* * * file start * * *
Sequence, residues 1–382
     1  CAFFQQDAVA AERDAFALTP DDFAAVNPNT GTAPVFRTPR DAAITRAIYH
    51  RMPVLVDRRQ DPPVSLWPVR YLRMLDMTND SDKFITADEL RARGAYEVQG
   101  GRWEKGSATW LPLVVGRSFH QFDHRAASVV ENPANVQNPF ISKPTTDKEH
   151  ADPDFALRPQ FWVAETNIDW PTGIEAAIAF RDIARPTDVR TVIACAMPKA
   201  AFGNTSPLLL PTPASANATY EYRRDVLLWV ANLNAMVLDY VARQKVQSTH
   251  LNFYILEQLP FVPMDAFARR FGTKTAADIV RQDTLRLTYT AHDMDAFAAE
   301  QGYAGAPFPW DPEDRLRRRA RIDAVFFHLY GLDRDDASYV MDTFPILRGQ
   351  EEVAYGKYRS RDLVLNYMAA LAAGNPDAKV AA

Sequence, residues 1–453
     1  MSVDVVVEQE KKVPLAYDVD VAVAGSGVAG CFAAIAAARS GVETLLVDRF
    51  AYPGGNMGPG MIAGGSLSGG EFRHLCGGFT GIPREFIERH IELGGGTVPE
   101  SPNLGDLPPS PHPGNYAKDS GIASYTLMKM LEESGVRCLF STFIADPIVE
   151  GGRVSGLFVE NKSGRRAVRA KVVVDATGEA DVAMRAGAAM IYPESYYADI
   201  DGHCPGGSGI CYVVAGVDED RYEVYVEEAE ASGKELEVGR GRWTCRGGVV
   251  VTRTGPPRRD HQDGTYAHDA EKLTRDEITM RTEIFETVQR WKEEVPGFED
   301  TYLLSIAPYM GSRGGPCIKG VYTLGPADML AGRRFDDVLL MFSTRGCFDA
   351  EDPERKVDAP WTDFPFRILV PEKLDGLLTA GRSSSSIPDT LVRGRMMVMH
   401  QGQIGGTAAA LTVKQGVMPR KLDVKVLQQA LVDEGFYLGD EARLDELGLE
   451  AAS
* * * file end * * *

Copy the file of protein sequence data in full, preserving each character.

Sequence, residues 1–382
     1  CAFFQQDAVA AERDAFALTP DDFAAVNPNT GTAPVFRTPR DAAITRAIYH
    51  RMPVLVDRRQ DPPVSLWPVR YLRMLDMTND SDKFITADEL RARGAYEVQG
   101  GRWEKGSATW LPLVVGRSFH QFDHRAASVV ENPANVQNPF ISKPTTDKEH
   151  ADPDFALRPQ FWVAETNIDW PTGIEAAIAF RDIARPTDVR TVIACAMPKA
   201  AFGNTSPLLL PTPASANATY EYRRDVLLWV ANLNAMVLDY VARQKVQSTH
   251  LNFYILEQLP FVPMDAFARR FGTKTAADIV RQDTLRLTYT AHDMDAFAAE
   301  QGYAGAPFPW DPEDRLRRRA RIDAVFFHLY GLDRDDASYV MDTFPILRGQ
   351  EEVAYGKYRS RDLVLNYMAA LAAGNPDAKV AA

Sequence, residues 1–453
     1  MSVDVVVEQE KKVPLAYDVD VAVAGSGVAG CFAAIAAARS GVETLLVDRF
    51  AYPGGNMGPG MIAGGSLSGG EFRHLCGGFT GIPREFIERH IELGGGTVPE
   101  SPNLGDLPPS PHPGNYAKDS GIASYTLMKM LEESGVRCLF STFIADPIVE
   151  GGRVSGLFVE NKSGRRAVRA KVVVDATGEA DVAMRAGAAM IYPESYYADI
   201  DGHCPGGSGI CYVVAGVDED RYEVYVEEAE ASGKELEVGR GRWTCRGGVV
   251  VTRTGPPRRD HQDGTYAHDA EKLTRDEITM RTEIFETVQR WKEEVPGFED
   301  TYLLSIAPYM GSRGGPCIKG VYTLGPADML AGRRFDDVLL MFSTRGCFDA
   351  EDPERKVDAP WTDFPFRILV PEKLDGLLTA GRSSSSIPDT LVRGRMMVMH
   401  QGQIGGTAAA LTVKQGVMPR KLDVKVLQQA LVDEGFYLGD EARLDELGLE
   451  AAS